Fortunately, neither of these panto staples actually happened, but if they had they would have been completely in keeping with the piece's mood and pace. Any opportunities for emotion and pathos were removed with a blunt instrument and replaced with frantic mugging and over-laboured attempts to shock. The actors did the best they could with the script, but characterisation was sacrificed to cariacature, leaving them with little to do. Perhaps most puzzling of all, the satirical opportunities were seldom taken, with only a few sideswipes at consumerism and the media being harvested from a fertile ground that could have offered so much more.

I also feel the choice of having a live band not only providing the soundtrack but integrated into the action was a mistake. This is not a criticism of A Band Called Quinn's competent Moloko-ish style and sound, but more due to the fact that their presence seemed to encourage the rest of the cast into the belief they could sing, providing at least two unnecessarily toe-curling moments.

Visually, The Beggar's Opera was wonderfully staged and executed and its dark futuristic dystopia was well-realised and portrayed. It was however a shame that this original and unique stage was then used as a backdrop for something so ill-fittingly camp.

The Beggar's Opera runs at The Lyceum Theatre until 3rd October.

Friday, September 18, 2009

Monday, August 31, 2009

All over...?

It's been a crazy, hectic, tiring, chaotic and fantastic month.

I've seen shows which have left me moved, astonished, fascinated and inspired.

I've met performers, singers, magicians, actors and princesses.

I've taken some of my best ever photographs and I'm eternally grateful to the companies and press offices involved who let me do so.

I've had nights I can barely remember and mornings when it was an effort to drag myself out of bed and do it all over again.

And I've loved every minute of it.

I hope you've enjoyed sharing some of it with me via this blog, which has been - largely through the power of Twitter - more successful this year than I'd dreamed possible.

The daily updates will now cease, but I'll likely add to it now and again with a photo or an article - as much to remind myself of the wonders of 2009's season as for anything else.

Also, stay tuned for a rather exciting announcement, coming to these pages soon...

So long folks, you've been amazing.


Edinburgh Festival Insider - Pick of the Fringe 2009

Although I'd seen Zen Zen Zo's showreel and read about Zeitgeist's bold, cutting-edge take on contemporary physical theatre and dance, nothing prepared me for actually seeing this live.

The only point I didn't sit and marvel open-mouthed as their startlingly original and visually outstanding show progressed was when they threw eggs into the audience. Even with that, I was spellbound from start to finish.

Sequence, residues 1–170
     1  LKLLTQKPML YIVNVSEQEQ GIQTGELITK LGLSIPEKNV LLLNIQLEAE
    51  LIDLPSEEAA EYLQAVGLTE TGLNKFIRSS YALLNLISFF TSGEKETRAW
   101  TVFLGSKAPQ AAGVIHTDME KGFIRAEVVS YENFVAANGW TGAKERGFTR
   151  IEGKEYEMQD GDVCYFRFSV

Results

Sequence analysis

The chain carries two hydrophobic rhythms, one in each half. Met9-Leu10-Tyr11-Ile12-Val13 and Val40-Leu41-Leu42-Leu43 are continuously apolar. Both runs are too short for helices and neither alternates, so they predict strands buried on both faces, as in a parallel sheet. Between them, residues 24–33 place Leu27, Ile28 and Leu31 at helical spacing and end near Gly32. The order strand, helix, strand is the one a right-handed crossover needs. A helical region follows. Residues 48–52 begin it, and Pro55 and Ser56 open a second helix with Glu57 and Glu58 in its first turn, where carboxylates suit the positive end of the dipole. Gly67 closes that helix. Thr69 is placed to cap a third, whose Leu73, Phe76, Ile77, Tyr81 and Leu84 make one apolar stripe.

A wonderfully physical group of talented dancers and artists, Zen Zen Zo have had much praise heaped upon them from many established sources this year as well as from me and - after much deliberation - the vision, integrity and style of Zeitgeist have resulted in it being given the highest accolade I have to offer.

Edinburgh Festival Insider - Venue of the year 2009

With 100s of venues across the city - from the 'big three' of the Assembly, Pleasance and Gilded Balloon to the likes of private residences and restaurants - there's almost as wide a choice of places to see shows as there are performances to enjoy.

The nominations for the Edinburgh Festival Insider Venue of the Year Award 2009 are:
  • C Venues. Particularly the multi-levelled labyrinth in Chambers Street, culminating in the wonderful Urban Garden. A great place to hang out and mingle with performers who keep the spirit of the Fringe alive.
  • Venue 150 at the EICC. With its air-conditioning, ample legroom and modern decor, this feels far removed from many of the hot, cramped and crumbling venues elsewhere.
  • St George's West. Few things can compare to witnessing some world-class music being performed in front of St George's beautiful stained-glass rose window.
  • Spaces venues. Played host to some small first-time groups on a budget and therefore brought some interesting - and in the case of productions like Stitches, exceptional - new talent to the Fringe
  • New Town Theatre / Universal Arts. A wonderfully diverse programme in the grand and only slightly spooky Masonic Hall on George Street.
And the winner is...

Venue 150 at the EICC

Although the EICC has been used as a Fringe venue in the past, this year it featured a far wider and more adventurous programme than ever. With close ties to Universal Arts and The World Festival, it saw two amazing world music shows, the wonderful Sambor Dudzinksi and his Time(less) Machine, Fred MacAulay's daily breakfast show, Fringe Select, a great cafe and more.
Besides its aforementioned comfort, its willingness to take a little bit of a risk results in it being my favourite venue this year - especially as its success during the Fringe could see more and more shows of a similar ilk being featured there outwith the Festival season.

For a resident like me, the chance of that is enough for me to give Venue 150 the: